Let me ask you this: would you trade all the great indie gems of the App Store era in exchange for all the bad games to not exist? Because you can't have one without the other.

In the age where it's easier for developers to jump ship from triple-A to go independent, for hobbyist coders to get their start, for weekend warriors to get their games published, and for whoever that wants to make a game to get it released and placed alongside everything else, we need to change our thinking.

Just because there's a lot of bad things out there doesn't mean that it diminishes the good.

There are just more games now. More bad ones, yes, but that's not seeing the wood for the trees. That's like saying that the Redwood forests are bad because some of the trees are tiny when there's plenty of gorgeous trees right next to them.

Shake up

The internet is the biggest change to civilization since electricity and has provided the biggest impact on art and culture since the printing press.

Scarcity of media is dead and we haven't quite adjusted to it as a society. We are seeing the death of the stratification between different quality levels of media.

It's the end of having to get into the shops to make a living from creation, because there's now only tiny hurdles to distribution for the game, or music, or book, or whatever you want to create, distribute, and sell.

Mobile gets the most flak for enabling a lot of bad things, but console and PC-focused critics have no room to talk.

After all, @GREENLIGHTGOLD exists. Steam is closer than ever to just letting anyone who wants to sell something on their store to do so. How much terrible stuff existed on Xbox Live Indie Games? Or PlayStation Mobile?

Mobile just looks bad because it's the out group, because it has different ways of operating and standards compared to console and PC gaming.

But those markets are approaching what is mobile's normality.

Mobile gaming isn't garbage because it has a bunch of games you don't like. It is, for better and worse, just a vision of the future.

Stateside columnist

Freelance writer covering mobile and gaming for @toucharcade, @Gamezebo, and more!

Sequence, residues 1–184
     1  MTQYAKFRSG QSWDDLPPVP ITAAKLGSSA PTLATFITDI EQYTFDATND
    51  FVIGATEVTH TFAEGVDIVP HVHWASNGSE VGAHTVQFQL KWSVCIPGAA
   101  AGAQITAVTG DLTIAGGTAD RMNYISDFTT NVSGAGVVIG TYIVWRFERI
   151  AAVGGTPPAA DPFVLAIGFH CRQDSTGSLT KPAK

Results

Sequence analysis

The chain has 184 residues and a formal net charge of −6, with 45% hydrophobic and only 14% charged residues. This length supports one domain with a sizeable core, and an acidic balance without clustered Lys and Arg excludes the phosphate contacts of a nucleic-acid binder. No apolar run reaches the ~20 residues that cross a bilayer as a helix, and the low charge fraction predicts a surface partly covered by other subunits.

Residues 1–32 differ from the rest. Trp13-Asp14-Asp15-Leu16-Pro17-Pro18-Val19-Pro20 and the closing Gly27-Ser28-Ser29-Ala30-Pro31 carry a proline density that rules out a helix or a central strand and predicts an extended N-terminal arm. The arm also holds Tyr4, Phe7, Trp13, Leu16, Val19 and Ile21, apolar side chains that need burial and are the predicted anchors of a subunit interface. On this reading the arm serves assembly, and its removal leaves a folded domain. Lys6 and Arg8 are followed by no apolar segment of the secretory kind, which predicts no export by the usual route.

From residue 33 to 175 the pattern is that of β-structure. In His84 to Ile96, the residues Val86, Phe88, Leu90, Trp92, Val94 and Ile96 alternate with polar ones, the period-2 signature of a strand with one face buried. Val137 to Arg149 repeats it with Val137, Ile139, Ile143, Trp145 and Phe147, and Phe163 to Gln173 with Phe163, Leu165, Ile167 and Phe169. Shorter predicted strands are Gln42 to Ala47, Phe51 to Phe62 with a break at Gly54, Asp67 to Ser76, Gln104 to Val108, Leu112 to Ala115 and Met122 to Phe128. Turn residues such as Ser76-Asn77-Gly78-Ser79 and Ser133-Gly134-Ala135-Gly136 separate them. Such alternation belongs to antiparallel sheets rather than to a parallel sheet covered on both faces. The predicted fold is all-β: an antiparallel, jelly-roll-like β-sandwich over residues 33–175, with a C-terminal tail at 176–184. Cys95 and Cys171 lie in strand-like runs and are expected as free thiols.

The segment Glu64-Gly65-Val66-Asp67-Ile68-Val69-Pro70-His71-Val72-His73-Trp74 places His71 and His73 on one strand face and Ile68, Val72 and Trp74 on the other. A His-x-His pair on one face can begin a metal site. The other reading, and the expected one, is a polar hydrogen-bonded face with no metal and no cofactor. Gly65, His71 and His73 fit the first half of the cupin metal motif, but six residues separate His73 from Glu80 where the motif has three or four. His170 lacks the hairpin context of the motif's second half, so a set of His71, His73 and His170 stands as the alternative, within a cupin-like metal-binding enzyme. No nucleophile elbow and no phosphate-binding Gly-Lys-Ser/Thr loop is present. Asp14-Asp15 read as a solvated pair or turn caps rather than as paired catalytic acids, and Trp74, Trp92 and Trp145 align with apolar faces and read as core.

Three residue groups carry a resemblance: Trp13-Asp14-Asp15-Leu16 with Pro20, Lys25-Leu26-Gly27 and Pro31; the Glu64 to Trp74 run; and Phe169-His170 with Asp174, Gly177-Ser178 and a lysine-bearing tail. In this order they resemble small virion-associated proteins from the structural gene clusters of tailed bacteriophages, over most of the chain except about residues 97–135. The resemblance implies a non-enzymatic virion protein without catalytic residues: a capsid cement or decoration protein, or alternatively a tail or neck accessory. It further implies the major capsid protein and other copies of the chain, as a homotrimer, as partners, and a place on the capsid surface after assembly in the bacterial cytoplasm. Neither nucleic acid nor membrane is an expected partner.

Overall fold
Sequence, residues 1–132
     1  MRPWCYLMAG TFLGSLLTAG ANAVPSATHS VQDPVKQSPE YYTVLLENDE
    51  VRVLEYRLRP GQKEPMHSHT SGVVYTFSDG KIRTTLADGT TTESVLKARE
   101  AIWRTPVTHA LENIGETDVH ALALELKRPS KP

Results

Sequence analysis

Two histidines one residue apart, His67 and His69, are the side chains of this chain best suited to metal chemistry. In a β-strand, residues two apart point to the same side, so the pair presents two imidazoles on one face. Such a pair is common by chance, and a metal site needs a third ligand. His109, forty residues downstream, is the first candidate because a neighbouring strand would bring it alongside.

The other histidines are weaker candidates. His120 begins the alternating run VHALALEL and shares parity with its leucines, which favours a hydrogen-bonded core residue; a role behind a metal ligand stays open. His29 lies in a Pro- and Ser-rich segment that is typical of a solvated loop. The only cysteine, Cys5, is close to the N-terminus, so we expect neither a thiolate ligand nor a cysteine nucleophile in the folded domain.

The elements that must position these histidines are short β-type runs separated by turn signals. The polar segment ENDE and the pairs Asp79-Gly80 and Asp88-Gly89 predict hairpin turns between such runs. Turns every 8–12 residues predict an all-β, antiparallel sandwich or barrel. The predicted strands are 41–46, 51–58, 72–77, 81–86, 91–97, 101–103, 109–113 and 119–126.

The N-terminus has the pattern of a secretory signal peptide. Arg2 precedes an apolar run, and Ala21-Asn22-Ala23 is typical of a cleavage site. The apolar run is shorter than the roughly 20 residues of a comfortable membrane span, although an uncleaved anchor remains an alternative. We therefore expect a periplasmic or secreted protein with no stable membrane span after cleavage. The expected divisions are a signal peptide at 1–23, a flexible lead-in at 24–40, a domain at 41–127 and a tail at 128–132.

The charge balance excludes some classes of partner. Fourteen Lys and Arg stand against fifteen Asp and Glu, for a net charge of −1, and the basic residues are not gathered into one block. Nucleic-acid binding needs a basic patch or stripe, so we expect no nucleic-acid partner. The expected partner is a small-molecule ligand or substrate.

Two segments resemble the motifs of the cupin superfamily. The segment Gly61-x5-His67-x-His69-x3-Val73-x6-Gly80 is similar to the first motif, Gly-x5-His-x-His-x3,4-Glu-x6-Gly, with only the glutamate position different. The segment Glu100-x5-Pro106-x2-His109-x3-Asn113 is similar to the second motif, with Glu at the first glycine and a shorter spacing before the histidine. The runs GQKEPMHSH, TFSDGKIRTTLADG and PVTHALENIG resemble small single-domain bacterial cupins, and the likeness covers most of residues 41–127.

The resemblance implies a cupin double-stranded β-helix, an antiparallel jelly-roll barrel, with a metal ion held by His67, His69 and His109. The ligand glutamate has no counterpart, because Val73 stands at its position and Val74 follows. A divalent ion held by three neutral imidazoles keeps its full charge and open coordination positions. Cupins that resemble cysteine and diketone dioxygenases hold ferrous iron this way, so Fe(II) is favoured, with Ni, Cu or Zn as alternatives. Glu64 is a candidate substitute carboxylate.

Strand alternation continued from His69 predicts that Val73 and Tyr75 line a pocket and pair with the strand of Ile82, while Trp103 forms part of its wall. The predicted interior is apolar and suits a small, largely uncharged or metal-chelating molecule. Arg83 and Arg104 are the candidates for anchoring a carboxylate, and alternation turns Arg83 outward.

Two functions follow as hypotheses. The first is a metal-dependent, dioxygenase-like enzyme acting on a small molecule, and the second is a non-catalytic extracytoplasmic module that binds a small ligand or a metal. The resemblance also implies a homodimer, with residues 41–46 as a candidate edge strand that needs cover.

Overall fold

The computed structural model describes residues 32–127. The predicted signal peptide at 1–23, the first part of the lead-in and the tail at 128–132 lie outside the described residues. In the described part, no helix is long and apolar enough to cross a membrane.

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Scott Stevens Game Play Crusader at 2Play Games
Carter, I agree with much of what you say here. There are A LOT of people in the industry "stuck in its conventions of what a game is." For the past year mobile gaming has been struggling to evolve, struggling to redefine "games." For decades, we have been stuck in a mouse-click or A-B-X-Y controller world. The technology infused in these mobile devices opens up new possibilities. The sheer 'mobile' nature also creates new opportunities. We need to forget the old conventions and move forward.

As an industry, we also need to have a deeper discussion about monetization. I was recently at an apps conference having many discussions about monetization. So many people were advocating the freedium model. "It's the only way to get downloads." Inherent in these thoughts are many conventions that need to be reassessed. When mobile device were new it made sense to sell for free. Customers were wary of purchasing the device, yet alone 'apps' for it. With the widespread acceptance of both, we can now move forward. I whole heartily believe we can educate the consumer. We can show them better options than bargain basement, 'Dollar Store,' crap for games. The more we feed the free monster, the more it will be locked in as the ONLY model. Bottom line, we, as developers, need to eat. Let's work to show the consumer that new games can be worth the cost of a Vendi Latte, and last much longer. It comes down to value. Is the experience the game provides valuable enough? The success of recent paid games shows that consumers are willing to be a part of this movement. Let's move forward with them!